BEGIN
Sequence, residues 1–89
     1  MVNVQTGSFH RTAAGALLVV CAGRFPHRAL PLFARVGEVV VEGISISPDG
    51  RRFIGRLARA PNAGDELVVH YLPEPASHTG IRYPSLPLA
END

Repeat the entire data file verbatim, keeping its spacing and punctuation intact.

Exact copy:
Sequence, residues 1–89
     1  MVNVQTGSFH RTAAGALLVV CAGRFPHRAL PLFARVGEVV VEGISISPDG
    51  RRFIGRLARA PNAGDELVVH YLPEPASHTG IRYPSLPLA